Out-Of-Court Distressed Asset Purchases, a Primer
The COVID-19 pandemic has impacted businesses and commercial relationships worldwide, cutting wide swaths of through entire sectors of the economy. The current government regime of subsidizing whole industries and individual businesses is still evolving. Commercial lenders have been incentivized to forbear and defer defaults – but the piper must eventually be paid. Enterprises that were teetering or breaking even before the pandemic will likely find themselves out of liquidity, options and time after the emergency measures end and the fog of war lifts.Read More
These businesses will look to staunch the bleeding and preserve as much value for stakeholders as possible – likely presenting distressed investment opportunities on a scale not seen since the Great Recession of 2007. While distressed sales are typically pushed through as part of the bankruptcy or Uniform Commercial Code Article IX sale process – a strategic purchaser need not necessarily wait until creditors have forced the debtor’s hand. Court-enforced liquidations almost always provide for public notice and opportunity to bid. But purchasers who strategize now may give themselves an opportunity to purchase distressed assets before the crowds of bargain hunters line up outside the courthouse door to bid up the acquisition price.
Here are but a few questions and considerations for out-of-court distressed sales:
What exactly is being purchased?
An out-of-court sale could be structured as an equity sale, a merger or as a simple asset sale. Typically, purchasers desire the asset sale route – so as to cut off liability exposure of the (distressed) selling entity. Successor liability is rarely a problem in court-based liquidations, but an out-of-court purchaser will not have the benefit of a final judicial order defining the terms of the sale and the rights of the seller’s creditors in relation to that sale. Further, in the information age and at a time when service-based enterprises comprise a large portion of the economy, the “assets” being purchased may not be as easily defined and identifiable as physical equipment and inventory. A purchaser should be careful that the out-of-court asset sale does not become recharacterized as a continuation of the (distressed) seller’s business — resulting in successor liability for the buyer.
How much due diligence is necessary?
The first step in this process is almost always a thorough lien search and collateral analysis of the seller’s assets. A survey of financing statements, tax liens, judgment liens and pending lawsuits, as well as title searches of any real property, is critical to ensuring that the purchaser does not pay for another creditor’s collateral. In conjunction with this initial review, the buyer must fully understand whether the seller has the legal right to convey those assets at sale. Often, operating agreements and corporate governance documents require written consents or unanimous shareholder approval – and sometimes lender approval – to convey significant assets. In short, make sure the seller owns the property and has the full and clear authority to sell that property.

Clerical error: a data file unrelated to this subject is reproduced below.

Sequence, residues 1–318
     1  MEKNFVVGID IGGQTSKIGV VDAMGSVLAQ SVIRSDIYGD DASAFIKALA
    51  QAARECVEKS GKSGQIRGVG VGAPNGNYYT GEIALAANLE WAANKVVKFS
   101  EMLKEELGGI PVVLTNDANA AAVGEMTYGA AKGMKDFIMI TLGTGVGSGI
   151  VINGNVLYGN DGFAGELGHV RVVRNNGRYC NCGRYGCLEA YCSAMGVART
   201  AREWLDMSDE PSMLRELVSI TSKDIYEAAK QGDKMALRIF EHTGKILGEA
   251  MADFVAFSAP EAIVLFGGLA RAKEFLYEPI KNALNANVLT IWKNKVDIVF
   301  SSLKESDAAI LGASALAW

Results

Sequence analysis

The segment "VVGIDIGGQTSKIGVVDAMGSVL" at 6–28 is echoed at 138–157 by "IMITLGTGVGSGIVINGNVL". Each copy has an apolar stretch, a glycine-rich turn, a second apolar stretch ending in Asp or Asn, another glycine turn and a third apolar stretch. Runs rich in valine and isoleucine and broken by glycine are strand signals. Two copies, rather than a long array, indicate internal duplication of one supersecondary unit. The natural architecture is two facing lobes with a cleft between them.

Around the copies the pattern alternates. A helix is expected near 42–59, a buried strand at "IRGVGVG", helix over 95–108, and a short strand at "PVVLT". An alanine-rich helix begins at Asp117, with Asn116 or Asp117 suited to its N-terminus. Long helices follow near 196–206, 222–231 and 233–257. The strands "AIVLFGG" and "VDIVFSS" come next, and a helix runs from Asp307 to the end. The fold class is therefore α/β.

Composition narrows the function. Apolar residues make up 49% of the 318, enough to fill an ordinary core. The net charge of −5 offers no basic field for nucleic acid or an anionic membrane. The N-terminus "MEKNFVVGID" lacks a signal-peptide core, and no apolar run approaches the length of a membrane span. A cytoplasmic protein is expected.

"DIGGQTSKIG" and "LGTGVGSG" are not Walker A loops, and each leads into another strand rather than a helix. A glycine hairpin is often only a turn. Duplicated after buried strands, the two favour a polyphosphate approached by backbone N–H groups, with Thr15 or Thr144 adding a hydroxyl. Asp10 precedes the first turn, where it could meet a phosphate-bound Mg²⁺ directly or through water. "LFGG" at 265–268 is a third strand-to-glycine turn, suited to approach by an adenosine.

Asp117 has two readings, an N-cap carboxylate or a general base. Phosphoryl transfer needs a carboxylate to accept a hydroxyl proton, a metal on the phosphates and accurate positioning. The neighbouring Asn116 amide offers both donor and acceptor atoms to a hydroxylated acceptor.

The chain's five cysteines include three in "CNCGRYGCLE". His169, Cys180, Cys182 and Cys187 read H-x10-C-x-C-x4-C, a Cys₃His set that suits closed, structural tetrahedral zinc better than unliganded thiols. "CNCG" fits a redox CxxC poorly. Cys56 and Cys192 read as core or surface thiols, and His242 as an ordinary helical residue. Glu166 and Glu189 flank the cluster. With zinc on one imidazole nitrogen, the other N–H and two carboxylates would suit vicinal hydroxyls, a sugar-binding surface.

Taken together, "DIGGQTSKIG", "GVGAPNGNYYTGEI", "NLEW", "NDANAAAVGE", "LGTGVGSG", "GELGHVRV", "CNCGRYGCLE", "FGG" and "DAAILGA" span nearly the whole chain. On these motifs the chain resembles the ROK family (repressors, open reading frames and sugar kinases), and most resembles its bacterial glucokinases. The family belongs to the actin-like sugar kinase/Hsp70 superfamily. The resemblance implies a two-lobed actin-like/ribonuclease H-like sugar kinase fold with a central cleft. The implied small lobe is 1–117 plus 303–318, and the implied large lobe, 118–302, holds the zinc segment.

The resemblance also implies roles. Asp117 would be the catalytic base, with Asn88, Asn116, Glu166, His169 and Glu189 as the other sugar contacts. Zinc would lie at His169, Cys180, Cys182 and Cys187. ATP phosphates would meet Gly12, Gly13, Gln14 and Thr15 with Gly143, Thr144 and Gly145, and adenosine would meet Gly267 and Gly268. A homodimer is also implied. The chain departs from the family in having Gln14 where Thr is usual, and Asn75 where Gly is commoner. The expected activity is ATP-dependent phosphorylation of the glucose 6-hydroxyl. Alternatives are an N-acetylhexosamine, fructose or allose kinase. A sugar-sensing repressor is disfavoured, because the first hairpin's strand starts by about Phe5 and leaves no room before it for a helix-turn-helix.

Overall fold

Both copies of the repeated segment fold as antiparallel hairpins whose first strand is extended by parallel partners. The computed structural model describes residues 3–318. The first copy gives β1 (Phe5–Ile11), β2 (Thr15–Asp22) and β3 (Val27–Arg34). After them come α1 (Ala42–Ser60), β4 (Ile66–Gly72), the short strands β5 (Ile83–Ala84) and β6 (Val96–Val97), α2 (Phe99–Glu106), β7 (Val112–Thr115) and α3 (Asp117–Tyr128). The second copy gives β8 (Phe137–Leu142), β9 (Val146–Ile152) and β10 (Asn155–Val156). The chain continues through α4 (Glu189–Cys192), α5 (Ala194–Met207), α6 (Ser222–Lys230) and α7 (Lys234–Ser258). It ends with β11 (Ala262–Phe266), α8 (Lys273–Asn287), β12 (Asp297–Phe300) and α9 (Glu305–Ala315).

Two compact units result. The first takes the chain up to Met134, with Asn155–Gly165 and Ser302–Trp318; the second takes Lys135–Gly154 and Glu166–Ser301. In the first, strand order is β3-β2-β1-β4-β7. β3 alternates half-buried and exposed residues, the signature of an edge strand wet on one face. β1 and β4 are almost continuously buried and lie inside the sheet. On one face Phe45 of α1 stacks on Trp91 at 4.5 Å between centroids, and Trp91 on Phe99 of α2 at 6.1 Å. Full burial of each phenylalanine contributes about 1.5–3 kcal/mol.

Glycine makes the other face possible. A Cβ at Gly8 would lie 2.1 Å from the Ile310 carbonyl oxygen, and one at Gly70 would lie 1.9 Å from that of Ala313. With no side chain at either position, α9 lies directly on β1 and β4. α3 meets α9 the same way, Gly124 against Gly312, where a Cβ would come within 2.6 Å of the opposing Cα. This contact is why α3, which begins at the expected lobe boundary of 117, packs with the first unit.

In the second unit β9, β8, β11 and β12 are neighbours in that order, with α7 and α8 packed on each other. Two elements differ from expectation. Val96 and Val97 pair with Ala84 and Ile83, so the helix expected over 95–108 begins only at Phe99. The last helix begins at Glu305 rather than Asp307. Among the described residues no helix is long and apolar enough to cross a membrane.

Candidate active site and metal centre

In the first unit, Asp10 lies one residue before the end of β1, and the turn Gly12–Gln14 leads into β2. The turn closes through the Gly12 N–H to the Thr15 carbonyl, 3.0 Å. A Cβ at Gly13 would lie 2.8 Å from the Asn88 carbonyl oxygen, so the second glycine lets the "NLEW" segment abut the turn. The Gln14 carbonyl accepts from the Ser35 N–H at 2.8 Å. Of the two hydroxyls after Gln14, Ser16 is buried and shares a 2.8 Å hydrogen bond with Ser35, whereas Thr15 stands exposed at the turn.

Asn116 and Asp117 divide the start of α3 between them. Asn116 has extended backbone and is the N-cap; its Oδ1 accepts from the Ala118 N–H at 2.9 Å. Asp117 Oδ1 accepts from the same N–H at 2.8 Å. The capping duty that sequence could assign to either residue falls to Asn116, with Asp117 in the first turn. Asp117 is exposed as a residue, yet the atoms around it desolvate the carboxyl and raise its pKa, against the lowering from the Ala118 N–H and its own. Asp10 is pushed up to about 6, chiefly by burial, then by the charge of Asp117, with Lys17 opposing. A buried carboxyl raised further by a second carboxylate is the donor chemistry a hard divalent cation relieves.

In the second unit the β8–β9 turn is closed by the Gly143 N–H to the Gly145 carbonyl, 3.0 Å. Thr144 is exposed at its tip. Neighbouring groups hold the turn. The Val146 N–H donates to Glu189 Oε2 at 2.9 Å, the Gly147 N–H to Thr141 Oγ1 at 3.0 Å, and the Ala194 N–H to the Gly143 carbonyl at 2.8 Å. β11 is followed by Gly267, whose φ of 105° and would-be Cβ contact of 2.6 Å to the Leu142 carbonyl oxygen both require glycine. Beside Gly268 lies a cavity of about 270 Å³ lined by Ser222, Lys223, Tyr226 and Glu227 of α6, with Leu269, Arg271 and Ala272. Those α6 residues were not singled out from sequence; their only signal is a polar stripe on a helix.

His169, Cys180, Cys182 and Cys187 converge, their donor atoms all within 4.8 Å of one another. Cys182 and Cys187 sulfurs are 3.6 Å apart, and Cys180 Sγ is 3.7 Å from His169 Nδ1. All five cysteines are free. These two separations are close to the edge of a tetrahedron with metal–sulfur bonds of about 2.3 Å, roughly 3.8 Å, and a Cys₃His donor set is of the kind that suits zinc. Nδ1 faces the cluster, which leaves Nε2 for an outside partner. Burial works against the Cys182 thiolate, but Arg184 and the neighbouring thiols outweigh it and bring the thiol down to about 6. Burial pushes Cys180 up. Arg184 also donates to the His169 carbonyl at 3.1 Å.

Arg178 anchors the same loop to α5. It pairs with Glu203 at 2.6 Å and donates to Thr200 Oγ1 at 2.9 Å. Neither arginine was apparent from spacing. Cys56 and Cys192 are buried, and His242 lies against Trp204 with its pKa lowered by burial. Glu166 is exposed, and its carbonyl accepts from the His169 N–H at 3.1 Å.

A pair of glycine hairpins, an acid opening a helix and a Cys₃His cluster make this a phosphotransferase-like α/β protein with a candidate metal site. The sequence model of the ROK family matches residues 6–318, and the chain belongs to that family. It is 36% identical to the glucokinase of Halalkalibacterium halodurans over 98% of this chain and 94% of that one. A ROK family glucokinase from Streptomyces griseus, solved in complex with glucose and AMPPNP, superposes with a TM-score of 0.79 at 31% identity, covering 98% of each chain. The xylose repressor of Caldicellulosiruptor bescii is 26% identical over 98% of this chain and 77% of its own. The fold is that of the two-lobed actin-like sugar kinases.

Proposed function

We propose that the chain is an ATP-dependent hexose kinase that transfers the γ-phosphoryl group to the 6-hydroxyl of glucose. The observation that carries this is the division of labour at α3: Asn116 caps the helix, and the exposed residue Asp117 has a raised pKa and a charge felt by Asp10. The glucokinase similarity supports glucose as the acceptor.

Purchase of receivables and other payment rights requires a thorough, fact-intensive understanding of existing set-off and counterclaim rights, as well as the length of any deferments and the nature of the commercial (and sometimes personal) relationships between the payor and payee. A purchaser that is unable to conduct said due diligence should probably value the rights to payment under the worst-case scenario.
Representations and Warranties; Indemnification.
Purchasers typically protect themselves in sale contracts with representation and warranties and indemnification provisions. In a distressed situation, however, the buyer should take as a given that the seller will be unable to perform or cure after closing. Further still, if hold-backs or escrows are agreed to, the funds should be held by an independent third party with strict and clear payment instructions. A buyer should also consider requiring a guaranty from a principal or parent of the seller – though, if the assets are sold “as-is-where-is,” then appropriate discounts should be obtained up front.
There are many other potential pitfalls to be aware of when purchasing distressed assets outside of the legal system – but good counsel can guide you through this minefield to the promised land. HMB Legal Counsel will continue to provide updates as the situation evolves. The ongoing issues related to the spread of the Coronavirus (COVID-19) have had and will continue to have a significant impact on individuals, families, businesses and markets. Visit our collection of resources providing guidance during these fast-changing circumstances. Please reach out to your lead team member to answer specific questions.